Posted by Doctor Killjoy, a resident of the Sylvan Park neighborhood, on Apr 26, 2011 at 11:38 pm
SETI was just a waste of time anyway, and a total financial boondoggle, to say the least. We have bigger problems we need to solve here on Earth first, before we'll ever be ready to welcome anyone from "out there". And we are no where near mature enough as a planet to have any business making any sort of contact.
No way. To think otherwise is to be ignorant and arrogant. On a planet that can't decide definitively whether we're descended from apes or some so-called "godly creation", we aren't even close, by a long shot.
Right now, we're just galactic background noise, of no consequence whatsoever to any "higher" civilization, if it exists. And if *this* (us, here on Earth) is *it*, then we are royally fouled up to the maximum.
Posted by Konrad M. Sosnow, a resident of another community, on Apr 27, 2011 at 2:15 pm
Are we alone? is a question that many have pondered for generations. Pure research, basic research, or fundamental research is research carried out to increase understanding of fundamental principles. Many times the end results have no direct or immediate commercial benefits: pure research can be thought of as arising out of curiosity.
The Bay Area has long been home to basic research. SLAC,NASA, Stanford, CAL, and UC Santa Cruz are known for their research. Many Nobel prizes have been won by local scientists.
Posted by SETI Member, a resident of another community, on Apr 28, 2011 at 1:30 am
@allen: Maybe UC Berkeley, the feds, etc. had told SETI that they'd sponsor the array if it were built, I don't know. I don't think Paul Allen would have funded it if they hadn't been fairly sure of a revenue source for operating costs — which they had, for a while.
@group: I see my own (tiny) financial contribution to SETI as that one very small portion of one's income that should be placed in a long-odds but potentially-large-payout investment. In this case, very long odds but a potentially very large payout.
@Dr. Killjoy: We may not be in a position to communicate with the aliens, anyway. If their signal comes from, say, a million light-years away, it'll take our response a million years to get to them, and both our civilization and theirs will probably be unrecognizable. What we may gain is knowledge that is transmitted in their signal. Even if they're relatively close by, there will probably be a (lengthy) debate about what and whether to reply, and/or a multiplicity of replies from a variety of people/governments. I think that any civilization smart enough to send us a message will be smart enough to investigate carefully any replies they get from us, and not make too many assumptions.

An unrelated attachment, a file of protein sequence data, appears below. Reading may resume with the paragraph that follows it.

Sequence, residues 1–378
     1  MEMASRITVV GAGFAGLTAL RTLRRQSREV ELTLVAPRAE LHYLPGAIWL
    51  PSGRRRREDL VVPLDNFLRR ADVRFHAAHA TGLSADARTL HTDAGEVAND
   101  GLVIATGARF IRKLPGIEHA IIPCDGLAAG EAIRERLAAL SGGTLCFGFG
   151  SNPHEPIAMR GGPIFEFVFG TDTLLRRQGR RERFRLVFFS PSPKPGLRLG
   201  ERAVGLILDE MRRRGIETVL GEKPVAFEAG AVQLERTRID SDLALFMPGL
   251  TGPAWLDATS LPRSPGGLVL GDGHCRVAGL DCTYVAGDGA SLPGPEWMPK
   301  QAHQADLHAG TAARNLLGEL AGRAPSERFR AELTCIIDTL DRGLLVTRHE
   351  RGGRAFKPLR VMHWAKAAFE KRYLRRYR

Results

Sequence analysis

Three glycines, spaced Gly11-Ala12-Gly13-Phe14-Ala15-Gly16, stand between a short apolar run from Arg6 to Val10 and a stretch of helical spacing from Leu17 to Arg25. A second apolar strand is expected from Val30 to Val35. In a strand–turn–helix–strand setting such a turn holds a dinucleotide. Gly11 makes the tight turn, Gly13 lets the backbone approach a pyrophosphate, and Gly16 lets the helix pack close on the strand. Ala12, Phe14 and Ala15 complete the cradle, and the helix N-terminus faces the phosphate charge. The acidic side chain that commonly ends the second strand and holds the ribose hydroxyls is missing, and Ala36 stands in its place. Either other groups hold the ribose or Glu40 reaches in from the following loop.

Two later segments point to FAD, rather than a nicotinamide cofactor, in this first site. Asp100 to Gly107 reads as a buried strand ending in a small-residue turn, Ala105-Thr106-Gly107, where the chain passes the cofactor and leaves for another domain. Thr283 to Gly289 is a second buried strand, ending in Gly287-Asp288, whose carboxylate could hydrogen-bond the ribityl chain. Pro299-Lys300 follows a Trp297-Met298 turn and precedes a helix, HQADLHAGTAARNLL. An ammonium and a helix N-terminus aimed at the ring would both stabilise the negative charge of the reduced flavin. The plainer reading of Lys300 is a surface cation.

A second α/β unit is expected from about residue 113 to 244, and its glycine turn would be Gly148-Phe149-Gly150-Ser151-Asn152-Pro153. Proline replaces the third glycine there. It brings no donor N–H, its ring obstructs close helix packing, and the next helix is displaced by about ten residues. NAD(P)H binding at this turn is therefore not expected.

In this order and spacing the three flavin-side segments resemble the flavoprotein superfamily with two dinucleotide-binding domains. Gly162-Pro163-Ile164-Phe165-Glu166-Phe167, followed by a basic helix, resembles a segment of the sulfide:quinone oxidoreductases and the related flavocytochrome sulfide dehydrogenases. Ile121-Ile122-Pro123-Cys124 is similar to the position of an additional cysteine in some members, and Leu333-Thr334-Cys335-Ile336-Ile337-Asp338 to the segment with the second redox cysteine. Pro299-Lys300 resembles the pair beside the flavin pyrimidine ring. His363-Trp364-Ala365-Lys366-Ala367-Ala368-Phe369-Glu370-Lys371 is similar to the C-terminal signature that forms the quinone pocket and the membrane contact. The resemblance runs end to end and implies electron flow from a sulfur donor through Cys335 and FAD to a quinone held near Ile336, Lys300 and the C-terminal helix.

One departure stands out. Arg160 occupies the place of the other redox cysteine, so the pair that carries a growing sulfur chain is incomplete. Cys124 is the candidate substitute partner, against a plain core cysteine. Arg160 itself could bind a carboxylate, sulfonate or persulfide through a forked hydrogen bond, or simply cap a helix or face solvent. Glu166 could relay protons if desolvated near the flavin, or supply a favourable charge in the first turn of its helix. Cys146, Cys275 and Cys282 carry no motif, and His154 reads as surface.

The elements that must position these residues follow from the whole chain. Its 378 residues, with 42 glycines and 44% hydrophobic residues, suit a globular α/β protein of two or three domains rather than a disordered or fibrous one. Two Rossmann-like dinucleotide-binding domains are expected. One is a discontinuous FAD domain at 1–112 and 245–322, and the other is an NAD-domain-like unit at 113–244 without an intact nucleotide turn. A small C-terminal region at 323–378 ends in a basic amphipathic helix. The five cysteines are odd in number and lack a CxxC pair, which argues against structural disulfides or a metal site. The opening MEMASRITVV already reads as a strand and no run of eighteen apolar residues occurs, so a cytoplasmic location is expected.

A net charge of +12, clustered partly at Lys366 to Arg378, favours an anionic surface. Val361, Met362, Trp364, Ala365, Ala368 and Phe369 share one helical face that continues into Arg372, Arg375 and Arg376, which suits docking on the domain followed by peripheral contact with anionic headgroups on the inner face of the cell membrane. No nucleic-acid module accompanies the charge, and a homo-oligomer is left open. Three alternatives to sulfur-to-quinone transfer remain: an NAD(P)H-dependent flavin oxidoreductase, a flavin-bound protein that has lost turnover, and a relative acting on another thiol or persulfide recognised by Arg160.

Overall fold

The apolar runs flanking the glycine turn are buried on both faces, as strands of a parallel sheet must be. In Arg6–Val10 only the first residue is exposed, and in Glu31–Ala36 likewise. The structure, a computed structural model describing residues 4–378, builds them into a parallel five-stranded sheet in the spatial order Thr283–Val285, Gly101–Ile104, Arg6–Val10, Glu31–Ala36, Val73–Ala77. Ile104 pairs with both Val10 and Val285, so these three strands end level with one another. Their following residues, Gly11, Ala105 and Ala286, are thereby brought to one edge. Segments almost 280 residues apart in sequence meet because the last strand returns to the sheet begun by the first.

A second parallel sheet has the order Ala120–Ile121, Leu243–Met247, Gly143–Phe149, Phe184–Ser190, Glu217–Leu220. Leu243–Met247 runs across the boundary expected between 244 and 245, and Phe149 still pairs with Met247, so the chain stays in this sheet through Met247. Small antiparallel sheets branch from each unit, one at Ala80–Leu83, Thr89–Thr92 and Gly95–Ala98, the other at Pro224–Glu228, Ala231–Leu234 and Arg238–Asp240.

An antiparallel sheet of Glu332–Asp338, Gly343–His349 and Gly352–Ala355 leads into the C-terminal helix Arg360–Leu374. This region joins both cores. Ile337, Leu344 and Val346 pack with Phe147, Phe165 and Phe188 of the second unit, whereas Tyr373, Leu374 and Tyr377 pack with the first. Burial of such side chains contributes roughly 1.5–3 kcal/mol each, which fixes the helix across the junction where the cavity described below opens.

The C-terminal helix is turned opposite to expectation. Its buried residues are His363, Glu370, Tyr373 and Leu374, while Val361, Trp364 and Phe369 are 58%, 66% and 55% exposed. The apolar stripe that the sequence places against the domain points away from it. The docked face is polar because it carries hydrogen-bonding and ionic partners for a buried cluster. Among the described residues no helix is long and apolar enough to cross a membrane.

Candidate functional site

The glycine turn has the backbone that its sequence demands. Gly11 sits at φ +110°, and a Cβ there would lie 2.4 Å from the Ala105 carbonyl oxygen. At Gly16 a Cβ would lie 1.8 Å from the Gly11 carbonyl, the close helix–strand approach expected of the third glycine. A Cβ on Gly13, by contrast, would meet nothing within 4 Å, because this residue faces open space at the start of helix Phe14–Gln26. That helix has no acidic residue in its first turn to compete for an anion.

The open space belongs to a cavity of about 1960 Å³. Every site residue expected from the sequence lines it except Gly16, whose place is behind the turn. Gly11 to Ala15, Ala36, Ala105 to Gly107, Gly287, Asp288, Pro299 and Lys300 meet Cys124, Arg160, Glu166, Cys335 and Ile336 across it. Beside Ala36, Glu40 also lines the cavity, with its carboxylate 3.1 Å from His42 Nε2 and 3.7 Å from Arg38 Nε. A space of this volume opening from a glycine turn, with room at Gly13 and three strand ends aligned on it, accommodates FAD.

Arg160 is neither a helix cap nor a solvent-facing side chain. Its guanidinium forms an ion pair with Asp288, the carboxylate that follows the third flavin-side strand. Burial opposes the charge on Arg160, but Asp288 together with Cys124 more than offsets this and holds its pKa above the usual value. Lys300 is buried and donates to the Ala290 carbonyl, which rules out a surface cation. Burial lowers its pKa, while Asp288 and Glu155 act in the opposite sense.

Posted by hank wong, a resident of the Whisman Station neighborhood, on Apr 28, 2011 at 2:41 pm
Per Dr. Killjoy, while we may not be actually 'communicate' with the aliens due to the vast time and space, but imagine what new perspective we will gain when we detect a signal from another civilization. During the 60's, the Earth rise photo taken from the moon gave the human race a new perspective of our world and started many one-world initiatives such as Earth Day and the Green movement.
Posted by Dick Guertin, a resident of the Cuesta Park neighborhood, on Apr 28, 2011 at 8:17 pm
The Milky Way Galaxy is about 100,000 Light-Years across. A Light-Year is a distance, and it's how far a light beam, or radio signal, travels through space in one year. There are 200 billion stars in the Milky Way, and only 24 are within a 12-Light-Year sphere around our Sun. The vast majority are over 150 Light Years away from us. Now, put yourself on a planet circling one of those stars, as close as 150 Light Years away. What do they hear from Earth? NOTHING. We've existed here for thousands of years, but we only started sending radio signals around 1900. We've been transmitting for 111 year, so those radio signals have made it 111 Light Years into space, not far enough to reach that planets 150 Light Years away. So they don't hear us, and if they started sending radio signals when we started, we don't hear them either. Furthermore, the farther away we listen, the farther back in time we travel. A signal sent from a planet 1000 Light Years away would take 1000 years to reach us. What would we do about it? Not much. Any response would take 1000 year to get back to them, and after a 2000 year round trip, who would be listening? Also, a radio signal disperses as it travels through space. Compared to the "noise" our Sun produces, our faint radio signal gets destroyed by the Sun before it leaves our Solar System.
So, SETI is a waste of money. Sorry, but we've got better thing to do with that money than scan the skies.